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It can be hard to know where to start when it comes to selling a property and working with a conveyancing solicitor, as there can be many different factors involved and things to consider.
Here at MG Legal, our expert team of local Conveyancing Solicitors deal with residential sales on a daily basis, for clients across England and Wales. Our Conveyancing Solicitors are on hand to guide you through the process, making the whole property selling process as stress-free and as quick as possible.
Stages of selling a residential property.
After the estate agent has helped find a buyer for your property and you have accepted their offer, the estate agent will then write to your conveyancing solicitor telling them of the details of the upcoming sale. This is known as the memorandum of sale.
Your conveyancing solicitor will then write to you, outlining their terms of business and client care documentation, and confirming their instructions and fees in the matter.
At this point, you will be asked to complete the protocol forms, which form part of the Contract pack, which is then passed on to the buyer via the conveyancing solicitors.
These include the Property Information Form, used to advise the buyer of any important information about the property, such as if you have had new windows fitted, whether the property has been extended, or if the property has previously flooded.
You will also fill in a form confirming what items you will leave at the property upon Completion, known as the Fittings and Contents Form. Should you wish to offer any items in the property to the buyer, at an additional fee, this can also be relayed in this form.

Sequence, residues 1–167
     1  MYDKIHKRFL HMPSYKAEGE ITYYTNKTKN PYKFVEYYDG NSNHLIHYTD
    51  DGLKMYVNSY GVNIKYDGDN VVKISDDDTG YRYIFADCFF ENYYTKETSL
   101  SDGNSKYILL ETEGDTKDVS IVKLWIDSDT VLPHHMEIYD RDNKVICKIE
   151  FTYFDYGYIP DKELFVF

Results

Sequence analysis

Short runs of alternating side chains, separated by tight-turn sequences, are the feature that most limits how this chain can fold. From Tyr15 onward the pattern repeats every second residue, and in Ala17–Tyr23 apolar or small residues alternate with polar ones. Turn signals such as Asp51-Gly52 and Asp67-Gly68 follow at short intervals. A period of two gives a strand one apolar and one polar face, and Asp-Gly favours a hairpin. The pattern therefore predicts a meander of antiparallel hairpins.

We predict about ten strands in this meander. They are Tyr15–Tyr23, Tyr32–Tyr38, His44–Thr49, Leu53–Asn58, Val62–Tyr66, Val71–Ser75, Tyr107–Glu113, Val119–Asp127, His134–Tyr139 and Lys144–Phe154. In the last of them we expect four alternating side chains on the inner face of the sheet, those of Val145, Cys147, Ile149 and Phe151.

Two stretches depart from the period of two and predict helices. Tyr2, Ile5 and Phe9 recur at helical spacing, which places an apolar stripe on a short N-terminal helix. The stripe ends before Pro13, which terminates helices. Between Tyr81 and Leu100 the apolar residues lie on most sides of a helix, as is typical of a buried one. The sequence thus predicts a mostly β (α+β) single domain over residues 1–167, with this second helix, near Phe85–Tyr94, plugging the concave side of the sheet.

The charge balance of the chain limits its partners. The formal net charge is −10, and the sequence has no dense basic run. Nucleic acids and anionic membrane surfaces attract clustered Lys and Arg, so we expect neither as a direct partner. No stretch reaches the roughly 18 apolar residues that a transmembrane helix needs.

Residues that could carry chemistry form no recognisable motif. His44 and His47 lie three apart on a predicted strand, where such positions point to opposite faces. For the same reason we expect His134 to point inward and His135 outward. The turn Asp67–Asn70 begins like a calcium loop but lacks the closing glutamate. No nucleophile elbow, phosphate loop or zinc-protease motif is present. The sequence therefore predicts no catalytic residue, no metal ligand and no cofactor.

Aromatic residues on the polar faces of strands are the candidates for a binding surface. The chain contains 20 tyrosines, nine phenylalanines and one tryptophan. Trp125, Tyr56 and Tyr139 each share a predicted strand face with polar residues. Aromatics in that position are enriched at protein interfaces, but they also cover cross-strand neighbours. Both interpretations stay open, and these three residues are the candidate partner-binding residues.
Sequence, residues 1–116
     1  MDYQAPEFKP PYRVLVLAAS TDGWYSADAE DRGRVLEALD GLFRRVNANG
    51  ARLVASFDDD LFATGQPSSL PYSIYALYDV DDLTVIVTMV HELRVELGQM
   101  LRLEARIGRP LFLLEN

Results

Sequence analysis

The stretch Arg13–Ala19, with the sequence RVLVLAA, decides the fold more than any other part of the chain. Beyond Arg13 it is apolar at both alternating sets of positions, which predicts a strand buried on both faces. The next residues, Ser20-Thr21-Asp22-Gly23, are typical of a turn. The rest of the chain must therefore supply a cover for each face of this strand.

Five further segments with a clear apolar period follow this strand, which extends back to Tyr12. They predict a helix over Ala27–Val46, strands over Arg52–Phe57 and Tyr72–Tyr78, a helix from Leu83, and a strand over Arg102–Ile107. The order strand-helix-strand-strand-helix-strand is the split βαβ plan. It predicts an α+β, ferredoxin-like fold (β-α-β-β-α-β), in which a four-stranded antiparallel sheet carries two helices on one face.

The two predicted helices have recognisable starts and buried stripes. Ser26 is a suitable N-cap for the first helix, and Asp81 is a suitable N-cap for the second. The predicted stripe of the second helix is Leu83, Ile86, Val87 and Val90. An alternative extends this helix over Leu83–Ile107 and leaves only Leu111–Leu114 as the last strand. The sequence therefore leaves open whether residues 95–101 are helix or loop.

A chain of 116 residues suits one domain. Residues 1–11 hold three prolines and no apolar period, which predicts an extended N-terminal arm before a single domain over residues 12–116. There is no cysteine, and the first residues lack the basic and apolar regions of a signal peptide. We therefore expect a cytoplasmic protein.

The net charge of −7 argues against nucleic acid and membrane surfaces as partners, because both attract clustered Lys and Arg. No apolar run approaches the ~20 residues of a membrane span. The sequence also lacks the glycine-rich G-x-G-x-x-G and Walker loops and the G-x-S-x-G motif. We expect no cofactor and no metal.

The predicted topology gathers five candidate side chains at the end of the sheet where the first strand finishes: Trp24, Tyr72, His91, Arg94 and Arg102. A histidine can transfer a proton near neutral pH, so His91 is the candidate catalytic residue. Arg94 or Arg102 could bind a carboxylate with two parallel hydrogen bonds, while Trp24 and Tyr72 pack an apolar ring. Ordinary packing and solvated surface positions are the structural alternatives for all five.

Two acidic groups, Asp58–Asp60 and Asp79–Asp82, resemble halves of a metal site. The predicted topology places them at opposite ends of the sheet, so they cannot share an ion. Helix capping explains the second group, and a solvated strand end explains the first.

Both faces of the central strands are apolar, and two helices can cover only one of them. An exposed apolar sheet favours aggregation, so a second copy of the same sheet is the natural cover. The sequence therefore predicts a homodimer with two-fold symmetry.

Your conveyancing solicitor then sends the contract pack to the buyer’s solicitor, for their review. This includes the draft Contract, the property forms, a copy of any relevant title deeds, and any relevant property documents.
On receipt of this documentation, the buyer’s solicitor looks through the Contract pack to ensure there are no discrepancies.
We will then receive the buyer’s enquiries through their solicitor, which can include queries such as:
Whether planning permission and Building Regulations was required or obtained for renovation work or extensions.
Have the gas and/or electrics been tested, and can the compliance certificates be provided?
If a risk of flooding has been revealed on the search results, what flooding has the seller experienced during their ownership of the property?
Is the property connected to the mains water or drains? Have these been built over by, for example, a shed?
With leasehold properties, common questions can include clarifying shared maintenance costs, the length of a lease, and what rights the leaseholder will have.
Upon receipt of the enquiries, your conveyancing solicitor will discuss them with you, and forward your responses to the buyer's solicitor for their review.
When happy, the buyer then signs the contract, in anticipation of Exchange of Contracts. At this stage, as the seller, you would also be asked to sign the relevant documents. It is important to note that the documents do not become legally binding until Contracts have been formally Exchanged.
Dates for Exchange and Completion of the matter can then be agreed. In some cases, these two processes may take place on the same day, which is known as a simultaneous Exchange of Contracts and Completion.